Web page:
April 28, 2014
More than a dozen companies have joined the Core Infrastructure Initiative to provide funding to open source projects, starting with OpenSSL. The Linux Foundation, Amazon, Cisco, Dell, Facebook, Fujitsu, Google, IBM, Intel, Microsoft, NetApp, Rackspace, Qualcomm, and VMWare have each pledged $100,000 over the next three years to pay for full-time developers, security audits, computing and testing infrastructure, and more to help financially strapped open source projects.
The Core Infrastructure Initiative comes on the heels of the Heartbleed Internet security bug in OpenSSL. This fatal flaw in the OpenSSL compromised the usernames and passwords of millions of accounts on websites big and small. Heartbleed shed light on open source projects’ dire need for resources.
Currently, open source projects have led to the creation of major software like Linux and Firefox with a limited supply of human capital. Many are run and organized by a small group of volunteers who work together to build and maintain free software.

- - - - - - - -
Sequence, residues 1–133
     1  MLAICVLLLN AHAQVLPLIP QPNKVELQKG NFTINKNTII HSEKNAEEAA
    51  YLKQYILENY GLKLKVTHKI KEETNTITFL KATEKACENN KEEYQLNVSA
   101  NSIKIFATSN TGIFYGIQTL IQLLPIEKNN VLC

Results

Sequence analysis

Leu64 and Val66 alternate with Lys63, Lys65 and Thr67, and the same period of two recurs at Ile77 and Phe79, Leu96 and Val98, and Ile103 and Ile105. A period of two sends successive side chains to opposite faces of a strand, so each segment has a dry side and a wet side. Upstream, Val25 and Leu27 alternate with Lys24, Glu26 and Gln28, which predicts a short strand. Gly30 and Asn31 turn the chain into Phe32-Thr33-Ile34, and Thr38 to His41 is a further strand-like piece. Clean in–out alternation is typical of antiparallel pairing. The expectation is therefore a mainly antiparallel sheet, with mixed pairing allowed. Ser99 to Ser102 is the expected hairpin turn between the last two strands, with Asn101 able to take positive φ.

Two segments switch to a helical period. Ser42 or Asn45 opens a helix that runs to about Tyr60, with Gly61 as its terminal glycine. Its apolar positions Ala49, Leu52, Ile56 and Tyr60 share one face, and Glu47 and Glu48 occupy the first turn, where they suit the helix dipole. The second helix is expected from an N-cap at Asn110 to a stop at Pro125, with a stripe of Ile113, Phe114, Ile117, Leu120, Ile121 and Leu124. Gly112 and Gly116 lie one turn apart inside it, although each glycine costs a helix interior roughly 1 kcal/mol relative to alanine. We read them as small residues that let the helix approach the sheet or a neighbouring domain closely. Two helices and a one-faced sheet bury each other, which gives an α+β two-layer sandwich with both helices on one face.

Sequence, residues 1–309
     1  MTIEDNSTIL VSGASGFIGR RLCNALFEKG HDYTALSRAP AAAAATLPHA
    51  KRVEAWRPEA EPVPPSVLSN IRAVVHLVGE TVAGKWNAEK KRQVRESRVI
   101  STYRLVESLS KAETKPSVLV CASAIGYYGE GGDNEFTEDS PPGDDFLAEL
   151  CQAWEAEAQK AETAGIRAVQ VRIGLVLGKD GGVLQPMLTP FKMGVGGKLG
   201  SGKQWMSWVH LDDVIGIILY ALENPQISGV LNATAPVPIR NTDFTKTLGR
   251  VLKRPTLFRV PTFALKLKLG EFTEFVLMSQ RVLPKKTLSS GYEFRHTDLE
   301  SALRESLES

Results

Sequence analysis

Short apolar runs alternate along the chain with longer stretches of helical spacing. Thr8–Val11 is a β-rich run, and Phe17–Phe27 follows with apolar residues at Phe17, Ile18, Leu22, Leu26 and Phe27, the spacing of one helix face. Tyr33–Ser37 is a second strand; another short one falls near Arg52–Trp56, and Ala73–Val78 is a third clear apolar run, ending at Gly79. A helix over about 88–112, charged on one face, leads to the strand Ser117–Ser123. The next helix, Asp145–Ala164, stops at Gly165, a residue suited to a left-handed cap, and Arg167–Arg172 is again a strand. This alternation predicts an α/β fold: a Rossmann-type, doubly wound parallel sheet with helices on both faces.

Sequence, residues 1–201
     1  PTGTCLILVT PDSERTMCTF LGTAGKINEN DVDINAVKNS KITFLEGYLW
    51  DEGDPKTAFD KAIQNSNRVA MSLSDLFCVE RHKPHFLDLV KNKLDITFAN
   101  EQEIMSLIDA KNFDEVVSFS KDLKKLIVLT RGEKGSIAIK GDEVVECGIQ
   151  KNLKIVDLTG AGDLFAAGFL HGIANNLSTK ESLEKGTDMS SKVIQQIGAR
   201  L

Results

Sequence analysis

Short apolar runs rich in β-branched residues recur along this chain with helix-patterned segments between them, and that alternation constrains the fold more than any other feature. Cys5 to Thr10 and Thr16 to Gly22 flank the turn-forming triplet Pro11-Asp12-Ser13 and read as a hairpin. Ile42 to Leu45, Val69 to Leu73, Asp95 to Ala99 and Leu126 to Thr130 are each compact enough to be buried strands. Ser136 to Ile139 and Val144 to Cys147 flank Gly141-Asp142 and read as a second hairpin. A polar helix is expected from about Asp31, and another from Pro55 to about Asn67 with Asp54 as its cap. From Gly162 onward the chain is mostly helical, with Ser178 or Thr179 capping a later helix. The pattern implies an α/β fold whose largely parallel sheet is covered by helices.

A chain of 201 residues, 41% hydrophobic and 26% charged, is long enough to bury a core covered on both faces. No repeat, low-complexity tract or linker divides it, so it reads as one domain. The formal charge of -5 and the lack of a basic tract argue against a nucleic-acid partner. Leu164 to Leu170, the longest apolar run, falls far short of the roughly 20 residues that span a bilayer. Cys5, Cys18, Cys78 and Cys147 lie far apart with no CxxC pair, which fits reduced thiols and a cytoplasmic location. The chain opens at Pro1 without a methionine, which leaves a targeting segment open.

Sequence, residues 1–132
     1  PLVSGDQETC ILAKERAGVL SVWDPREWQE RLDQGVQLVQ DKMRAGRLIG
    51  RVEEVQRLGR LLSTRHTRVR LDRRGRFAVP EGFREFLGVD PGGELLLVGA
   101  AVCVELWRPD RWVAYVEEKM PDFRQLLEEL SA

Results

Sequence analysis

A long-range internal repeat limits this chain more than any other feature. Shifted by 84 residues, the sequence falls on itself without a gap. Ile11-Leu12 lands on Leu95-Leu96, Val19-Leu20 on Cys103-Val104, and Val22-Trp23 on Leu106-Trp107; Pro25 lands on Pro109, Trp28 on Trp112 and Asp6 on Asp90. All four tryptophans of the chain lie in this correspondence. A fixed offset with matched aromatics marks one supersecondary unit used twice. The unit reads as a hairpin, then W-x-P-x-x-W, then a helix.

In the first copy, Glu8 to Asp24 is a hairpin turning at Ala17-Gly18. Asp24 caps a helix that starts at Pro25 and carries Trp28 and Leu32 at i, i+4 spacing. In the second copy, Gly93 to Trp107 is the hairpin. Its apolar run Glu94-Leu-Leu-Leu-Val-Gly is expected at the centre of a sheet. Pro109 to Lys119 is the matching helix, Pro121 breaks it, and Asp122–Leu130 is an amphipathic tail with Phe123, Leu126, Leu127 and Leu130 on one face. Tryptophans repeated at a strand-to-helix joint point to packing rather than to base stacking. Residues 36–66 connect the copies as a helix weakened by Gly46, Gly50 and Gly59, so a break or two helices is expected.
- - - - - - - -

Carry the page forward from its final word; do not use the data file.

The new initiative will not only help increase funding, but also increase awareness. “This is not just about the money, but the forum,” Jim Zemlin, executive director of Linux Foundation, said in The New York Times. “Instead of responding to a crisis retroactively, this is an opportunity to identify crucial open-source projects in advance. Right now, nobody is having that conversation, and it’s an important conversation to have.”
The Linux Foundation is spearheading the Core Infrastructure Initiative.
In addition to companies, the public has also taken action to help support open source projects since Heartbleed was revealed. The OpenSSL Project has received $17,000 in donations and a number of volunteers from OpenBSD helped find and fix mistakes in the OpenSSL code.